The sensory patches of the vertebrate inner ear, which contain hair cells and supporting cells, are essential for hearing and balance functions. How the stereotypically organized sensory patches are formed remains to be determined. In this study, we isolated a zebrafish mutant in which the jag1b gene is disrupted by an EGFP insertion. Loss of Jag1b causes cell death in the developing posterior crista and results in downregulation of fgf10a in the posterior prosensory cells. Inhibition of FGFR activity in wild-type embryos also causes loss of the posterior crista, suggesting that Fgf10a mediates Jag1b activity. By contrast, in the anterior prosensory domain, Jag1b regulates separation of a single morphogenetic field into anterior and lateral cristae by flattening cells destined to form a nonsensory epithelium between the two cristae. MAPK activation in the nonsensory epithelium precursors is required for the separation. In the jag1b mutant, MAPK activation and cell flattening are extended to anterior crista primordia, causing loss of anterior crista. More importantly, inhibition of MAPK activity, which blocks the differentiation of nonsensory epithelial cells, generated a fused large crista and extra hair cells. Thus, Jag1b uses two distinct mechanisms to form three sensory cristae in zebrafish.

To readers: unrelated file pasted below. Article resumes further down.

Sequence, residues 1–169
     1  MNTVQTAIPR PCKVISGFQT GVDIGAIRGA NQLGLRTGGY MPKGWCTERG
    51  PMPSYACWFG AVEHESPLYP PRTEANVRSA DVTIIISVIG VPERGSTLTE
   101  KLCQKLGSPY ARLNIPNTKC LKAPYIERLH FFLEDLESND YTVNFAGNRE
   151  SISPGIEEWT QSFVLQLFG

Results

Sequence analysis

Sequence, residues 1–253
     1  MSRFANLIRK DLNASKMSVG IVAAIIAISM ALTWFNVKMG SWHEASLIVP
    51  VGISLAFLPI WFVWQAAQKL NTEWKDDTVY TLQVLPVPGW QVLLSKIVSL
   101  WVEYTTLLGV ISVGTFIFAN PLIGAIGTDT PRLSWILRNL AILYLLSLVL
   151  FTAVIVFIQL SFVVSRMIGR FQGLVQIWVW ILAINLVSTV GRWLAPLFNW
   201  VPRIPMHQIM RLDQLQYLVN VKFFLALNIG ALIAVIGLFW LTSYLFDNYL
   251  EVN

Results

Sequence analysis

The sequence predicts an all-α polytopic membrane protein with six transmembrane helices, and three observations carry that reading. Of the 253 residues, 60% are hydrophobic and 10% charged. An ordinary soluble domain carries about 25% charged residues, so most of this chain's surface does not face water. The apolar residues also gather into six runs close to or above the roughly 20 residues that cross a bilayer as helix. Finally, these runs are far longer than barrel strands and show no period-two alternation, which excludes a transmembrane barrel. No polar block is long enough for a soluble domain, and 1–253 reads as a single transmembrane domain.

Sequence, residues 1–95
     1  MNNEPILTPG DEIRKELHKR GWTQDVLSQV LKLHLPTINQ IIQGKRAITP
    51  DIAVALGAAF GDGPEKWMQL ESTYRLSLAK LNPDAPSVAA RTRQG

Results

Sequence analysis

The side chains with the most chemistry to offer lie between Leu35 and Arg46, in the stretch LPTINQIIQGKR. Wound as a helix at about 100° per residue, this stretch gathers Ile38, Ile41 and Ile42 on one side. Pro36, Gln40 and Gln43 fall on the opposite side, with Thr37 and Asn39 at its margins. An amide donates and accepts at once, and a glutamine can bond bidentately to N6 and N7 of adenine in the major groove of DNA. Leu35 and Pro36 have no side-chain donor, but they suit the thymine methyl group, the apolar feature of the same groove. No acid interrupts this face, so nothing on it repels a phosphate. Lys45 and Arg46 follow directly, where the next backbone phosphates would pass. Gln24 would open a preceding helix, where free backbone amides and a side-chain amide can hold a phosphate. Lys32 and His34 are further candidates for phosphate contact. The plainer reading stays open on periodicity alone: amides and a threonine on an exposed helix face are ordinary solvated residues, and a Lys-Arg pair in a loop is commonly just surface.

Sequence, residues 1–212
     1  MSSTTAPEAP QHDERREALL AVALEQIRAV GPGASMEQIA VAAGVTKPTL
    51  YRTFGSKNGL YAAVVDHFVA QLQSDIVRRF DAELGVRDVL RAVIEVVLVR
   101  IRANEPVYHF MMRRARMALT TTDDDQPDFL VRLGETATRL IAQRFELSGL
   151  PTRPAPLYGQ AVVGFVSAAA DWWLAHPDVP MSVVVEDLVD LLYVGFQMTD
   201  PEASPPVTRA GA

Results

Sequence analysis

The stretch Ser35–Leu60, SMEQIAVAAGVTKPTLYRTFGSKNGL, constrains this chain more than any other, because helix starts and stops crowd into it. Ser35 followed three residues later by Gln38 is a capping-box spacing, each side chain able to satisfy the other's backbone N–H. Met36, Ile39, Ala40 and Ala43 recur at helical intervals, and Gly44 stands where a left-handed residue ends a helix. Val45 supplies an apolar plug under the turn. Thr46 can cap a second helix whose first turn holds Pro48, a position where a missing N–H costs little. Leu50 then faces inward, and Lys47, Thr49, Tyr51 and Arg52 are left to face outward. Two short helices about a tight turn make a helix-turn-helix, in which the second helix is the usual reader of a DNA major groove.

- Received June 3, 2014.
- Accepted December 17, 2014.